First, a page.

Nov. 13, 2012
stick8
1238 posts
slyone25 the original post did not indicate a runner was on first. I'm not sure what you mean by the runner on first advances to second but that runner is not automatically granted second base. The play should still be live so he likely ran to second without drawing a throw. And since the batter runner was out at first that took away the force at second, thus the base runner can go back to first if he chooses to.
Nov. 13, 2012
audieh
Men's 60
240 posts
PlanoPlayer, you are right. I should have said, "the ball rolled out of the first baseman's glove into foul territory about 4 feet. I believe you have solved the puzzle. However, the umpires decided the batter was safe. Basically, the umps gave up on the play when they saw the wrong bag touched and neither would admit that the pitcher was standing on the right base holding the ball. Not a big deal but I felt the wrong call was made.
Nov. 14, 2012
Gideon60
Men's 50
42 posts
if the ball goes out of play it is dead ball and runner advances period!
Nov. 14, 2012
stick8
1238 posts
Audieh there 2 umpires doing the game? If yes that should be the base umpires call. Did anyone ask him for help from the home plate umpire? Going strictly by how the play was described it's hard to believe they would miss that.
Nov. 14, 2012
audieh
Men's 60
240 posts
Stick8 there were two umpires and the base umpire immediately made the right call. The other team protested loudly. The home plate umpire who didn't follow the play after the first tag on the wrong base conferred with the base umpire and then called the tournament director for a ruling. I listened to what he told the director and he never mentioned that our pitcher was standing on the right base with the ball in his hand prior to the base runner getting to the bag.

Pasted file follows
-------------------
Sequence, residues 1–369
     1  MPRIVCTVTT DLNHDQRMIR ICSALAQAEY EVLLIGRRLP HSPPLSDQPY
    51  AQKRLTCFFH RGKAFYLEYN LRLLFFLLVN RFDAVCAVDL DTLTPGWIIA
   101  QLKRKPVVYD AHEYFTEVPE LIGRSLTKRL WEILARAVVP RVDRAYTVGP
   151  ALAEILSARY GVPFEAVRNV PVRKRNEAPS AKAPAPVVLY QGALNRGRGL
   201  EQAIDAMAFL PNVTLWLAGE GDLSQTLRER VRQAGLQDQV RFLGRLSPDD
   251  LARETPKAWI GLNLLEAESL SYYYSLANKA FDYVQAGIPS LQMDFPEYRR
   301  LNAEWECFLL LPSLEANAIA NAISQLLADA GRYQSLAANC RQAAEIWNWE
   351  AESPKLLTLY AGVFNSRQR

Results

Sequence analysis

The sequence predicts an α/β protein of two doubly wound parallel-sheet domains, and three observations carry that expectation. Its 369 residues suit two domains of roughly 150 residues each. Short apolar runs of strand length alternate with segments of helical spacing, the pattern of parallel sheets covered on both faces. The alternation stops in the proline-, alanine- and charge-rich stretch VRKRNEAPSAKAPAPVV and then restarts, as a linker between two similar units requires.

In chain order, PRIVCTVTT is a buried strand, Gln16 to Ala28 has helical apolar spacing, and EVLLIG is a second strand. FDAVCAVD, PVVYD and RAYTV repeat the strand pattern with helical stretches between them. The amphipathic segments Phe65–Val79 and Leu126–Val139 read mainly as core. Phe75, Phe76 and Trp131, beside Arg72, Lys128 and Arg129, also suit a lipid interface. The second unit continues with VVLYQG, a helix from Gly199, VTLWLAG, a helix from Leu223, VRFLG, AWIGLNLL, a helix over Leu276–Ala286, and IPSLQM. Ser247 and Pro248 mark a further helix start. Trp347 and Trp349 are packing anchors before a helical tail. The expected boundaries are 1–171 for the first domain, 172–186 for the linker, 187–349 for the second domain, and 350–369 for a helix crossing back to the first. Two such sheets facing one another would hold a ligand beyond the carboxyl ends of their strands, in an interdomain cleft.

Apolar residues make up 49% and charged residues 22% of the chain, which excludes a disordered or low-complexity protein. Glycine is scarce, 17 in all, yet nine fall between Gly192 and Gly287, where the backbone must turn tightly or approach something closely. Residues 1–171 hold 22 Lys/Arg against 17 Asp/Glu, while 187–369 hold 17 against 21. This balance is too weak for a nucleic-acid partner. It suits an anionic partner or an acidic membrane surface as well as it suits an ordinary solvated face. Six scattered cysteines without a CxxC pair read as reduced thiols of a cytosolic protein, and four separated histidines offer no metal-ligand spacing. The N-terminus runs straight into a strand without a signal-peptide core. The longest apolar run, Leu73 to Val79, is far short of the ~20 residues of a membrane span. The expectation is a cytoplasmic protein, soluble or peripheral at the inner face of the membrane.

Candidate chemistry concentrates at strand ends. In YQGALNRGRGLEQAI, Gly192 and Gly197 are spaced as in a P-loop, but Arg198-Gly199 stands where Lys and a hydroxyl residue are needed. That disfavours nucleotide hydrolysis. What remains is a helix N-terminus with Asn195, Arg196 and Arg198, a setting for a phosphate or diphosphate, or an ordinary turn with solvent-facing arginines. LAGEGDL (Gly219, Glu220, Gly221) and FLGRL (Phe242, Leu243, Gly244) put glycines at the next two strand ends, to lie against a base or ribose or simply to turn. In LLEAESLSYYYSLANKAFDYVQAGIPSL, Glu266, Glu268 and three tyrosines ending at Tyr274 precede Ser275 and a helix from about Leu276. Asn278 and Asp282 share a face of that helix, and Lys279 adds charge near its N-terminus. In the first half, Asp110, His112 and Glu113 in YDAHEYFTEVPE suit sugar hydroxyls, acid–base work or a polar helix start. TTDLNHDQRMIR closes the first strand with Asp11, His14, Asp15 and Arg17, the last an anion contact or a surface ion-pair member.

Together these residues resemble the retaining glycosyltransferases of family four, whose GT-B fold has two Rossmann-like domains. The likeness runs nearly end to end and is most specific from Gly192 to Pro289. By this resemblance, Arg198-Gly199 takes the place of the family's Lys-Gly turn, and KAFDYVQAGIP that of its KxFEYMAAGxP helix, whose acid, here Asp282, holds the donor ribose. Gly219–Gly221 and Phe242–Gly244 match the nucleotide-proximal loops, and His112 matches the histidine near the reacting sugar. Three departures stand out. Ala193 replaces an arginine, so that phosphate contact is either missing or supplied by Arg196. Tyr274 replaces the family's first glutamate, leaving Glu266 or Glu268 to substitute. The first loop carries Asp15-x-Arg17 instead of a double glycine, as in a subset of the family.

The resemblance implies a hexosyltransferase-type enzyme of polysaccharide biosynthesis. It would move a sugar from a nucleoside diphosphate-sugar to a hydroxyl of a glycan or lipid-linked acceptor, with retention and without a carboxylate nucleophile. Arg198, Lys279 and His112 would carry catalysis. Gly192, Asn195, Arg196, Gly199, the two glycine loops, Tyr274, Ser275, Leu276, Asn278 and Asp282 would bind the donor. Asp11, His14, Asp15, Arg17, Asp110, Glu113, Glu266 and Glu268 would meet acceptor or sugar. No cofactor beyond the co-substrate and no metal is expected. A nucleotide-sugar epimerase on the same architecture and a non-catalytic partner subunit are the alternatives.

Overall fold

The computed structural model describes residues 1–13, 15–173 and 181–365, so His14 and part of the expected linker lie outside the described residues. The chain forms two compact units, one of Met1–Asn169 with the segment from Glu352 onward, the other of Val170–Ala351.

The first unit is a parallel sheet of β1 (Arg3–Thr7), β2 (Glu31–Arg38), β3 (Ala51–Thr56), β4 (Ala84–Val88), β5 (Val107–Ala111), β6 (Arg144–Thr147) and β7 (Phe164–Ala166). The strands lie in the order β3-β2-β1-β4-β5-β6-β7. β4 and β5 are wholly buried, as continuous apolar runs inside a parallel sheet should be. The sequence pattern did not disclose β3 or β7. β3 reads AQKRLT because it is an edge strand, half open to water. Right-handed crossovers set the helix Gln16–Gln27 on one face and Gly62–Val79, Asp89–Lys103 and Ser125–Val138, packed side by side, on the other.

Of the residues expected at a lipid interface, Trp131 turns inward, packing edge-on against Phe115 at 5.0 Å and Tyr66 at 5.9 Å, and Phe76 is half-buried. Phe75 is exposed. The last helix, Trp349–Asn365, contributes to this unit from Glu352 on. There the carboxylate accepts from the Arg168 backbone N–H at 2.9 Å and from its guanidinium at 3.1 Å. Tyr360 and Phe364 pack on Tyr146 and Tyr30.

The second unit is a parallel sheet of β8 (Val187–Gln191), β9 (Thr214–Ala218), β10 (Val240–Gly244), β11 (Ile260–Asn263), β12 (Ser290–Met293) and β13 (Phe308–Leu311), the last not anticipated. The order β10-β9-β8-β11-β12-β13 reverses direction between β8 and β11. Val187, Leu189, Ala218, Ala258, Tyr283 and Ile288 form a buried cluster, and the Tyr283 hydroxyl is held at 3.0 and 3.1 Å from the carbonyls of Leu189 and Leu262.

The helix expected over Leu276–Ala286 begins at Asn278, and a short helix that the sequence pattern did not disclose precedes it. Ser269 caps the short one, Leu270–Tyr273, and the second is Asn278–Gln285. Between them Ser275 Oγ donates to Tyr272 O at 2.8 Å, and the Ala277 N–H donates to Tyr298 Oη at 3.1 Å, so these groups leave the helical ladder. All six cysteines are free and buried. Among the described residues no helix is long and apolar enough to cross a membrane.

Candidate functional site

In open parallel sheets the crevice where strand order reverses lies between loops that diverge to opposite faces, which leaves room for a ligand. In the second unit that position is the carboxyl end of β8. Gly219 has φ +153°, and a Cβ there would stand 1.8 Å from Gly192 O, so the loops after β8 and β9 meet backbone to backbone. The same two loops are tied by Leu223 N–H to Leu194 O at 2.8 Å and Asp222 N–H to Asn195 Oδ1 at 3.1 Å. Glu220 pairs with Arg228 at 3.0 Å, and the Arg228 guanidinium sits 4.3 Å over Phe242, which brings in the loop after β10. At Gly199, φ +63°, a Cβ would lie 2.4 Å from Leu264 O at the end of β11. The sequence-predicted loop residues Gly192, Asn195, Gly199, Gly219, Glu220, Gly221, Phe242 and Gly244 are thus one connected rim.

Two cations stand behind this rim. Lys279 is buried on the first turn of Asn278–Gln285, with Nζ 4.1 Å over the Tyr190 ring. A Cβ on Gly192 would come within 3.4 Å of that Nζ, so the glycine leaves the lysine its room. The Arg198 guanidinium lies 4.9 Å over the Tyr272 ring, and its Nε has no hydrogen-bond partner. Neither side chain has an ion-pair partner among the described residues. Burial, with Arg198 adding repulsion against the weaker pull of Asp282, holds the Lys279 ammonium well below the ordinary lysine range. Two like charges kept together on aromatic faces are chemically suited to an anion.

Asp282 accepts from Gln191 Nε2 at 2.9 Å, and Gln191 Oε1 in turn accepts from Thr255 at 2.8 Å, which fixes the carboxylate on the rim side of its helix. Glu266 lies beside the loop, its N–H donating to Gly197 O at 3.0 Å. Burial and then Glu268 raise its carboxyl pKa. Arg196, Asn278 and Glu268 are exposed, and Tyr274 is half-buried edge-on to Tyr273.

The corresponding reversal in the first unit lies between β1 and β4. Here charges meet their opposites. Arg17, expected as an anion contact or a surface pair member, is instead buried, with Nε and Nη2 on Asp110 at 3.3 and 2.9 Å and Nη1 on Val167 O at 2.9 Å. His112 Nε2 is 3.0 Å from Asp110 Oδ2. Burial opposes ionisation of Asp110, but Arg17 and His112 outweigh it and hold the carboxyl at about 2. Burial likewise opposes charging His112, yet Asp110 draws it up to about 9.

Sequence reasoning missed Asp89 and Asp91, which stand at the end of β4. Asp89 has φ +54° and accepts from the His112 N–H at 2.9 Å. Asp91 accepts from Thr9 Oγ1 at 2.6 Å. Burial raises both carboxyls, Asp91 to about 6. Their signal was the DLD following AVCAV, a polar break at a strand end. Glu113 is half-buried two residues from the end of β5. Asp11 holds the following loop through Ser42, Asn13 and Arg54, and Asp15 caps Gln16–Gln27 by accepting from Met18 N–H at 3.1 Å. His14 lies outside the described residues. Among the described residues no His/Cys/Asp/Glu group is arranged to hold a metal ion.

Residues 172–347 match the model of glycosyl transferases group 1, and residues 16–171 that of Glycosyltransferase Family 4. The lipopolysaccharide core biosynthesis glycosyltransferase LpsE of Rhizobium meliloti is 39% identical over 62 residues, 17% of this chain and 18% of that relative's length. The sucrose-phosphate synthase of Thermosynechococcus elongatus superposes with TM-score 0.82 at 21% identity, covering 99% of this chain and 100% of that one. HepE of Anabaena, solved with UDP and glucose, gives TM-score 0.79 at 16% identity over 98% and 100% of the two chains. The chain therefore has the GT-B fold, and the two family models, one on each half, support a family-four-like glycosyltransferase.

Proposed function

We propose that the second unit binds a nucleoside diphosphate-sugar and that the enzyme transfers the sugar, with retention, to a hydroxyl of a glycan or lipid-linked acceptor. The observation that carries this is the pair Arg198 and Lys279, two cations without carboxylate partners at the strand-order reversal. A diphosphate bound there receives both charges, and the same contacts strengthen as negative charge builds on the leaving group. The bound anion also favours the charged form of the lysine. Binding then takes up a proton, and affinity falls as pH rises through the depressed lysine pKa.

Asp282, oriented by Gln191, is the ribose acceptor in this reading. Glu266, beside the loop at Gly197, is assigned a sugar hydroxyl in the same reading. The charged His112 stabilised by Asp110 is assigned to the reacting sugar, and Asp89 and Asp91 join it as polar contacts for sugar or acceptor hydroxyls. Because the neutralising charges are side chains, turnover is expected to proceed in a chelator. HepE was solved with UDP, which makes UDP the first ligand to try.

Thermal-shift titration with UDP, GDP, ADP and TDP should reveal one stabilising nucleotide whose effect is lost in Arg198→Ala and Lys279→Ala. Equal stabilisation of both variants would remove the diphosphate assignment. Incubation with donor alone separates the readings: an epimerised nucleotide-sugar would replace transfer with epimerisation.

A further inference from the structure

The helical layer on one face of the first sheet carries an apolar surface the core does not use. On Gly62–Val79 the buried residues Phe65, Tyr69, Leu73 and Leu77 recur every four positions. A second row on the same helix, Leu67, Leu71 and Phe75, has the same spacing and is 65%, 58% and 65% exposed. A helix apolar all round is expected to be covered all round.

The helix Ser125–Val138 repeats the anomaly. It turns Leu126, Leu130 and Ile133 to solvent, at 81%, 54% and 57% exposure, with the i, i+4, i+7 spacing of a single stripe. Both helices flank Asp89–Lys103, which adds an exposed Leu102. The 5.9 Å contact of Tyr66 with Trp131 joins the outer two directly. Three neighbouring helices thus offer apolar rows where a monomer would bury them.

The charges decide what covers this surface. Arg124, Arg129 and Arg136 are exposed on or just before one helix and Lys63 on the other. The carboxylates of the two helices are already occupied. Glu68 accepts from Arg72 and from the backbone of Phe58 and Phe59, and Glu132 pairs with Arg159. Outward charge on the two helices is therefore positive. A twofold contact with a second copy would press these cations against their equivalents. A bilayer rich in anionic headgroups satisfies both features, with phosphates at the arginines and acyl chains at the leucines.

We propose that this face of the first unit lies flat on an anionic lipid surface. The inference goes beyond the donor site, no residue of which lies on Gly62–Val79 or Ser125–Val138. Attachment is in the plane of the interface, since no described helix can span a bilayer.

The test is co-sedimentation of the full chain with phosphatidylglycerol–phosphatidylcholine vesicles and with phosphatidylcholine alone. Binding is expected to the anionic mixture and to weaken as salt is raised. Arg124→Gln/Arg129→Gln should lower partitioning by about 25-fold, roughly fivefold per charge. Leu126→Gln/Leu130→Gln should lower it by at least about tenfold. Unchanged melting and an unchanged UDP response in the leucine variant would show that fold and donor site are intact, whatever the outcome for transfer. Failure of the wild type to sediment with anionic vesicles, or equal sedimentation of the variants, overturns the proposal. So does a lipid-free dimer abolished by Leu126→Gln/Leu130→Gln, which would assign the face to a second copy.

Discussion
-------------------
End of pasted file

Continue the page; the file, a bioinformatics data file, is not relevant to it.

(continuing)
When he walked away i told the director what really happened and he said the runner from home was out. The home plate umpire then said he never saw the pitcher on first and the runner was safe.

Since this was just a round robin game and we were winning I quit protesting and we finished the game. My reason for bringing this up was just to see what the correct call is, nothing more!
Nov. 17, 2012
MarkL
Men's 55
5 posts
he is out for not runningbecause he runner gave up
Nov. 17, 2012
The real deal
Men's 60
62 posts
C'mon guys - if the ball went "out of bounds", then it's a dead ball - runner advances to 2nd...